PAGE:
10 Things To Consider Before Your First Trip Abroad

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Planning your first trip abroad doesn’t need to be difficult or complex, but it may involve asking and answering a few questions you’ve never really considered.

No, this isn’t the part of travel where you lay on the beach or go ziplining or eat great street food. This is the part where you educate and prepare yourself a bit so you can have a successful trip. With that out of the way, it’s easy to get to the enjoyment portion.

If you’ve never traveled outside the country before, this one’s for you. Let me know if you have any questions in the comments, or if I’m unclear! Let’s get started.

#1.  I don’t have a passport yet. How do I get one?

Check the US State Department website for current instructions. Additionally, click here or through the picture below for my own personal run-down of how to do it, as well as my experiences.  First thing you should know:  obtaining a passport can take as long as four to six weeks, so plan accordingly if you’re planning a trip in the coming months!

FEATURED IMAGE: A Guide to U.S. Passport Applications & Renewals - GreatDistances

RELATED POST: A Guide to U.S. Passport Applications & Renewals

#2. Do I need to get shots, immunizations, or other medication before I travel?

Maybe. Depends on where you’re going and if diseases like malaria are prevalent there. And it depends on your medical history too.  Click through the image below for deeper description.


RELATED POST – Travel Health: Immunizations, Diarrhea & Malaria (photo used via Creative Commons licensing, via Wikimedia Commons).

#3. Do I need to get a visa for the country(s) I’m visiting?

Maybe. Some countries offer visas on arrival at the airport or border office, but some require you to send your passport off to an embassy before you enter. These things vary by country, and regulations change over time – it can get pretty complicated pretty quick, honestly. Educate yourself before you go so you don’t get stuck at the airport or at the border. I’d write more about this here, but I already did it here, so go there for more info about how to plan for visas and visa renewals while traveling.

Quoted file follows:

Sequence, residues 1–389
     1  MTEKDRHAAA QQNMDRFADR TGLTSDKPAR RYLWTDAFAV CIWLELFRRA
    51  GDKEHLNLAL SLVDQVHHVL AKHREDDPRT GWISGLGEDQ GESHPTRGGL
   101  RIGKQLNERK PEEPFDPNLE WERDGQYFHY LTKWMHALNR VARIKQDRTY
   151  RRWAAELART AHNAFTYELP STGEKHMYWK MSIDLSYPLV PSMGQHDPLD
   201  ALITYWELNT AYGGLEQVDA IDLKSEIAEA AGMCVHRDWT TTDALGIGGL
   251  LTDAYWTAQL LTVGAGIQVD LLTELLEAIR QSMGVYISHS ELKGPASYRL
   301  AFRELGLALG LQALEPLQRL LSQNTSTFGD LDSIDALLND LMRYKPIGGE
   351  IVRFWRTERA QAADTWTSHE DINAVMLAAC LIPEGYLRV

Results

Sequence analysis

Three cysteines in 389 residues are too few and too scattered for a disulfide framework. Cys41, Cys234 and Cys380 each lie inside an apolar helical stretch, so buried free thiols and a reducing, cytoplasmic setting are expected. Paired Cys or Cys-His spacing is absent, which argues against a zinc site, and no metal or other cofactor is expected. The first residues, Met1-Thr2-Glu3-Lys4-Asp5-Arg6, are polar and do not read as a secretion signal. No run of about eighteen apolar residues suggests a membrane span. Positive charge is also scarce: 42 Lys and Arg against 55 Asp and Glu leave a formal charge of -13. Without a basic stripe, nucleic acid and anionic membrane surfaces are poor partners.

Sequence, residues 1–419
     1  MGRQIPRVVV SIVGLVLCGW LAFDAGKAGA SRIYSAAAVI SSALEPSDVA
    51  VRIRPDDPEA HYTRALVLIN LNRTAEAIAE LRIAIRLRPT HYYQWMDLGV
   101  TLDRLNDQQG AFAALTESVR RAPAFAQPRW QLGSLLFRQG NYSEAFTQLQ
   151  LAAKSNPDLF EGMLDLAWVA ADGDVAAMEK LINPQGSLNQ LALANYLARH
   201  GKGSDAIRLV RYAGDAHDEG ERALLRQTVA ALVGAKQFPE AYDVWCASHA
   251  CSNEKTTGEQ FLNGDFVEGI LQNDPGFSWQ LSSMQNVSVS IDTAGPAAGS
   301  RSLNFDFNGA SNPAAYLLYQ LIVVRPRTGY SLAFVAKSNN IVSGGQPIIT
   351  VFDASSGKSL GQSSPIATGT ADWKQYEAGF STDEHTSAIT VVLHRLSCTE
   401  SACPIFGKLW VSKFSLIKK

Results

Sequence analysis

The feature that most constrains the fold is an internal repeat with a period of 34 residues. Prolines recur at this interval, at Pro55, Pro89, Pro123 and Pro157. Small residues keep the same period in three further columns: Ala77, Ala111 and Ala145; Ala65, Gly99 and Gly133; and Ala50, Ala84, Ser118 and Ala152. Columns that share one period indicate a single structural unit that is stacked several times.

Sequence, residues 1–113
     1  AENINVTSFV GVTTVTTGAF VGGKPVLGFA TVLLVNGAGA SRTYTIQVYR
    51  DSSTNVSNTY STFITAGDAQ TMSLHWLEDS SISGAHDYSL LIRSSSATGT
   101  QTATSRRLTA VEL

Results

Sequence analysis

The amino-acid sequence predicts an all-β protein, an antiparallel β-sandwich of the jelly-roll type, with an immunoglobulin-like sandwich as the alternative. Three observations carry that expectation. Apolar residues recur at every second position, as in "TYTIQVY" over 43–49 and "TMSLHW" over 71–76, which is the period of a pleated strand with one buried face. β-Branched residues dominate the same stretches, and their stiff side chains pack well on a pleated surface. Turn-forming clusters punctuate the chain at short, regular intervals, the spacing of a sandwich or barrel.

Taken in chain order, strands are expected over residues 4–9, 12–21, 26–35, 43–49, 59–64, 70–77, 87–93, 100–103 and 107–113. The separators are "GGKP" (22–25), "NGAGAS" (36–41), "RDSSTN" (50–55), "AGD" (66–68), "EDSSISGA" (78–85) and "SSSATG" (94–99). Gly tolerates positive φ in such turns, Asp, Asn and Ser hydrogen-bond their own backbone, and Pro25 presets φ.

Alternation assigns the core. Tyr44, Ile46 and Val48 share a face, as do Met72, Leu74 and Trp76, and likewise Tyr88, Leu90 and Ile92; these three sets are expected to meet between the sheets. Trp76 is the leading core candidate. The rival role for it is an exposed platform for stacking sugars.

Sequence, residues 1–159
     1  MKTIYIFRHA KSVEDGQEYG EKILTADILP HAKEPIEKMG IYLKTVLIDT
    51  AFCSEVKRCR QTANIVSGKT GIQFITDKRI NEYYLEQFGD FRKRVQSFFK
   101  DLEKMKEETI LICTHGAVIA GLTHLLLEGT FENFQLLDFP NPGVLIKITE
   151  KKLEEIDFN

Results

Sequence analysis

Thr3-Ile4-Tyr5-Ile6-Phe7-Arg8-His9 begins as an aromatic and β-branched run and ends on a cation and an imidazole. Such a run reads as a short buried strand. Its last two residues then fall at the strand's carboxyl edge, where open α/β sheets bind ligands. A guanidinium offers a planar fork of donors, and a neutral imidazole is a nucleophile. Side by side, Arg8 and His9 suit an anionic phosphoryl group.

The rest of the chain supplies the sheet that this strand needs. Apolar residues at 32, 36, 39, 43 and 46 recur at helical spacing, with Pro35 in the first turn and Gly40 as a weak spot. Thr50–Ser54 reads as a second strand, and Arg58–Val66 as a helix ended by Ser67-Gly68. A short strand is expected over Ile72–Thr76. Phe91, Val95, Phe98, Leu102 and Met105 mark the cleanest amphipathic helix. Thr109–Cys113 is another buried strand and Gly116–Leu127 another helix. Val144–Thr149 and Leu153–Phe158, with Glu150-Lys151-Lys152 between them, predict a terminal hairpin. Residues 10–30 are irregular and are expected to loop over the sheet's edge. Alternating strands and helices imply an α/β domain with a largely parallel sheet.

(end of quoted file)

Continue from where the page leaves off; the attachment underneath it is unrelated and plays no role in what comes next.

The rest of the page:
RELATED POST: FOREIGN VISAS: WHAT ALL TRAVELERS SHOULD CONSIDER (image by Daniel Clayton Greer, used under Creative Commons licensing).

#4. Do I need travel insurance?

Yes, you do – not only for your first trip abroad but for every subsequent trip as well.

Make sure you’re covered for medical expenses (preferably at least $100,000 US), as well as emergency evacuation/repatriation ($300,000 – $500,000 US), and potentially for baggage loss as well.  These are the most important coverage aspects in my mind.  Trip cancellation/interruption insurance may be of interest to some travelers as well.

You may be thinking: “my usual health insurance covers me abroad, doesn’t it?” I can’t even begin to answer specific questions like that though – call your provider and ask specific questions related to your trip dates and the countries you plan to visit.  My personal experience:  my usual health insurance in the US does NOT cover me abroad, so I always, always buy travel insurance for primary coverage.

Also, consider this: even if your medical coverage extends to other countries, consider that you will NOT likely be covered for emergency evacuation/repatriation via any of your existing insurance coverage. So I recommend that you buy travel insurance regardless of your existing medical insurance coverage.